Excerpt from a collection of essays by experts on Japan’s longest-serving PM and his unparalleled contribution to Japan-India relations
GN Bureau | August 4, 2023
The Importance of Shinzo Abe: India, Japan and the Indo-Pacific
Edited By Sanjaya Baru
HarperCollins, 284 pages, Rs 699
Shinzo Abe, who was tragically assassinated on July 8, 2022, is widely regarded as the most influential prime minister of post-war Japan. Not only was he Japan’s longest-serving PM, but he is also credited with giving a new direction to the country’s economic, foreign and national-security policies.
Abe left an indelible imprint on Japan-India relations, establishing close ties with two successive Indian PMs and signing up to a new global and strategic partnership between Asia’s major democracies. He enabled a radical shift in Asian security architecture and India’s external security environment by promoting the concept of the Indo-Pacific. Building on the ‘Confluence of the Two Seas’ in his historic address to the Indian parliament in August 2007, Abe became the architect of the Quadrilateral Security Initiative, known as the Quad.
‘The Importance of Shinzo Abe’ brings together experts from diverse backgrounds to evaluate Abe’s unparalleled contribution to global security and the future of Asia and Japan-India relations. Insightful and absorbing, these definitive essays celebrate the statesman as much as the geopolitical strategist.
The collection of essays is edited by Sanjaya Baru, a public policy analyst and a former newspaper editor who was the media adviser to prime minister Manmohan Singh. The book has a foreword by S. Jaishankar, external affairs minister of India.
Here is an excerpt from the book:
Abe and the Evolution of India-Japan Relations
By Sanjaya Baru
In December 1998, six months into the diplomatic impasse between Japan and India, Prime Minister Atal Bihari Vajpayee authorized a non-official outreach. National Security Advisor Brajesh Mishra tasked the Institute of Defence Studies and Analyses (IDSA) to lead a ‘track two’ delegation to Tokyo with the aim of connecting with influential Japanese officials and foreign affairs analysts to explain India’s decision to conduct nuclear weapons tests.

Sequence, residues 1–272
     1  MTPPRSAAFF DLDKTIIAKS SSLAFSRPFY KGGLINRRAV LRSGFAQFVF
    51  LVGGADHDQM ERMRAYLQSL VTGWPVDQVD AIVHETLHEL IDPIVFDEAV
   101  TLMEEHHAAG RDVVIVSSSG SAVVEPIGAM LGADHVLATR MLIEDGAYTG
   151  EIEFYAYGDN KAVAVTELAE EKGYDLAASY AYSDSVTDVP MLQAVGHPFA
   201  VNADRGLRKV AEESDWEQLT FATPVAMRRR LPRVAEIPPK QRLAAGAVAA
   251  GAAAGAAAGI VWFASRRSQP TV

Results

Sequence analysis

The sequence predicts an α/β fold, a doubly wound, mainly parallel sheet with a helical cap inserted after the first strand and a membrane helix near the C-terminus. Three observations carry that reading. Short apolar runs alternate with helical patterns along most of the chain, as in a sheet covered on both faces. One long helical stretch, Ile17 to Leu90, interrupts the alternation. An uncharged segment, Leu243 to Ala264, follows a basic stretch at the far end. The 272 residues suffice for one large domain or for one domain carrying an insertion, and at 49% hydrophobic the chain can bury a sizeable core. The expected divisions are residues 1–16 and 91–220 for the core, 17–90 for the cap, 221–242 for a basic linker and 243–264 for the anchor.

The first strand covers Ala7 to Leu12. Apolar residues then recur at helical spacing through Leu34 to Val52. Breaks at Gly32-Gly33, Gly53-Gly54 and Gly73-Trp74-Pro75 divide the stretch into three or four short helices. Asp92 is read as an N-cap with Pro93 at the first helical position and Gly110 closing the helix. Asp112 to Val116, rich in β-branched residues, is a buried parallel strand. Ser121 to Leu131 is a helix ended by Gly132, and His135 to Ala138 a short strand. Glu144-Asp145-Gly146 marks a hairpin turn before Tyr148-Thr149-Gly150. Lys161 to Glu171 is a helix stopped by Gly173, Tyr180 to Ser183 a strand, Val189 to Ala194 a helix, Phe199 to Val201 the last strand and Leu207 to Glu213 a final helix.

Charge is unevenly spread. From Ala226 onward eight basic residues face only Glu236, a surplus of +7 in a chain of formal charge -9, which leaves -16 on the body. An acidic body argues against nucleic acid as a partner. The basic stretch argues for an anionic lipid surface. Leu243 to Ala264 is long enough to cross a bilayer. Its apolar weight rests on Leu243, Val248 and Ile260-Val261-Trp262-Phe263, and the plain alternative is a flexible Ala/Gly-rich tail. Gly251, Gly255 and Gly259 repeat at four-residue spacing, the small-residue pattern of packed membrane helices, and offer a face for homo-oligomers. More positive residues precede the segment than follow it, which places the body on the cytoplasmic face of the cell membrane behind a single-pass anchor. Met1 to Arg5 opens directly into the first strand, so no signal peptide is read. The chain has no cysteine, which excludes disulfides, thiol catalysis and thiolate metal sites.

K. Subrahmanyam, the chairman of the Nuclear Security Advisory Board (NSAB), led the delegation comprising IDSA Director-general Jasjit Singh, former Defence Secretary N.N. Vohra, former Foreign Secretary J.N. Dixit and a distinguished former Indian ambassador to Japan, Arjun Asrani, as well as this writer—who was then a professor at the Indian Council for Research in International Economic Relations
(ICRIER) and a member of the NSAB, and became the delegation’s youngest member. Our task was to secure our Japanese interlocutors’ ‘appreciation’ for India’s decision on nuclear weapons.
Our host was the Japan Institute of International Affairs (JIIA) and the Japanese delegation was led by JIIA’s eminent chairman and distinguished Japanese diplomat, Ambassador Nobuo Matsunaga. After a day’s deliberation, the two sides were deadlocked on one word when attempting to draft a joint statement. We wanted Japan to ‘appreciate’ our decision and the reasons for it. Ambassador Matsunaga insisted that while the Japanese side ‘understood’ the Indian decision, it was not willing to ‘appreciate’ it. In the interests of resuming a relationship through dialogue, we agreed to the word the Japanese side preferred.
Diplomatic exchanges resumed after these deliberations, although it took another three years for Japan to resume bilateral aid to India. In August 2000, Japanese Prime Minister Yoshiro Mori visited New Delhi for a summit meeting with Prime Minister Vajpayee. The two leaders agreed that Japan and India would establish a ‘Global Partnership in the Twenty-First Century’. The joint statement issued by the two was as follows:
Prime Minister Mori reaffirmed Japan’s commitment to working with India toward the reduction and elimination of nuclear weapons and to cooperate with India to ensure that the Comprehensive Nuclear Test Ban Treaty (CTBT) will go into force as soon as possible. Prime Minister Vajpayee said that India had conducted nuclear tests for defensive purposes but had decided of its own accord not to conduct any further tests and guaranteed that India would not be the first to use nuclear weapons in any conflict.